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Tajikistan/Kyrgyzstan: Clashes Reported Along Border

  • Charles Carlson

This past week saw clashes along the Kyrgyz-Tajik border. The skirmishes, although relatively minor, are the latest in a series of border incidents between the two countries over the past year.

Prague, 6 January 2003 (RFE/RL) -- Clashes have been reported along the Kyrgyz-Tajik border between Tajikistan's Vorukh enclave and Kyrgyzstan's Batken region.

On 4 January, some 300 residents of the Vorukh enclave destroyed a newly established Kyrgyz border post that was erected last year by the Batken side in Koekterek, a village in the Ak-Sai municipality. The Kyrgyz post was apparently set up to retaliate for the harassment of Kyrgyz travelers by Tajik customs and border officials.

In response, about 100 residents of Koekterek crossed over the border and destroyed a Tajik border post. No injuries were reported and both countries said order had been restored in the area.

In reporting the clashes, the governor of Batken, Mamat Aibalaev, told RFE/RL that some "hot heads" in Tajikistan were responsible for the riot. He claimed that the Kyrgyz were obliged to remove the customs posts the Tajiks had established illegally. "This is not their territory. This is a disputed area. We have an agreement. We have commitments not to establish any posts in this area and not to organize any economic activities there. The situation is severe. A few separatists in Tajikistan, but not the Tajik government, are trying to destabilize the situation."

The initial reports about the incident were unclear.

Late on 4 January, Nuralishoh Nazarov, the deputy head of the Tajik State Border Committee, told RFE/RL the head of the Tajik border guards in Sughd district had met with his Kyrgyz counterpart and reported back "with certainty" that "nothing happened."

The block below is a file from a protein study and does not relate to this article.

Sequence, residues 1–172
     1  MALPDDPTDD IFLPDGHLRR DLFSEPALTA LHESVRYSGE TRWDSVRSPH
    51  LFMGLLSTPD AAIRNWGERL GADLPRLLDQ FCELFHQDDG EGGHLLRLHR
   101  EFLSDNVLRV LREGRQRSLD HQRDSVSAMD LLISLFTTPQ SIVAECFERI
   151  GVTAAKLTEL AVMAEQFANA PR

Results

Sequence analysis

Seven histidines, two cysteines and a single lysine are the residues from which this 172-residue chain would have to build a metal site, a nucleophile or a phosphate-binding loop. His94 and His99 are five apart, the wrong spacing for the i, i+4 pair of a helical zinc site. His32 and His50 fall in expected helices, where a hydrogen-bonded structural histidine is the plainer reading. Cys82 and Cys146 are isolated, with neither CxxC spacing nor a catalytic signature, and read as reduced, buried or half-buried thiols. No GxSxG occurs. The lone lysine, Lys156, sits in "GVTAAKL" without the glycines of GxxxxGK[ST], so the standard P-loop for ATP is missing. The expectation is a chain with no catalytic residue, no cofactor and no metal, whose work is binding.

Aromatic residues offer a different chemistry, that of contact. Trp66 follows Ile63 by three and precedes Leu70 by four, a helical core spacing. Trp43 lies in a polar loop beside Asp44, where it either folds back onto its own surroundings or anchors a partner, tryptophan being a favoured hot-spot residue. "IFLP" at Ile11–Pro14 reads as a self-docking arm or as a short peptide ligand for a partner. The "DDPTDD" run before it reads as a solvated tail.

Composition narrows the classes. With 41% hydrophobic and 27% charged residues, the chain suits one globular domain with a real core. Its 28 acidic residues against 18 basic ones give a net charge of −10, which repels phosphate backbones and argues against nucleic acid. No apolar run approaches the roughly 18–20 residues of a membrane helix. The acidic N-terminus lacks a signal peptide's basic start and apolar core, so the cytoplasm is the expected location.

"Nothing happened. The chief of the border representation of Sughd region [in the north of Tajikistan] asked about a meeting with border representatives [of Kyrgyzstan]. We approved it. About clashes or conflicts between border guards -- it is nothing. They informed us with certainty."

But a young Tajik from the village of Yakkaurugh in the region of Isfara confirmed that a clash had indeed taken place between a busload of Tajiks from Vorukh and Kyrgyz police. "The story began that guys [bus travelers] from Vorukh [district in Isfara region] came, Kyrgyz militia beat the bus with logs and then some guys fell out [of the bus] with them. That's all."

The incident, though relatively minor, is the latest in a series of border incidents that have taken place between the two countries over the past year, despite bilateral talks delimiting the countries' 1,000-kilometer border. The tensions date from the break-up of the Soviet Union, when the borders were open and the Kyrgyz could freely travel through Tajik territory when going from village to village. The border talks resumed in Bishkek last month after lapsing for a year.

Last October Kyrgyz authorities in Batken established several new border posts around the Vorukh exclave, and in December the two countries drew up agreements on confidence-building measures that would bring about collaboration between the Kyrgyz and Tajik border guards.

This all followed reports that Tajik customs officials were humiliating Kyrgyz citizens crossing the state border.

In November, Tajiks from the Vorukh enclave of Tajikistan occupied about 30 hectares of neighboring Kyrgyz territory. They felled juniper trees, pastured their cattle, and built private homes. Despite appeals to the government from local Kyrgyz residents, nothing was done at that time to alleviate the situation.

In order to increase cooperation between the two countries, the Tajik-Kyrgyz Commission on Trade and Economic Cooperation held meetings early last year to promote cooperation in the spheres of ground transport and use of water and energy resources. These attempts have also had failings, for in March of last year Tajikistan cut electrical power to the southern regions of Kyrgyzstan because of reported problems with the power network.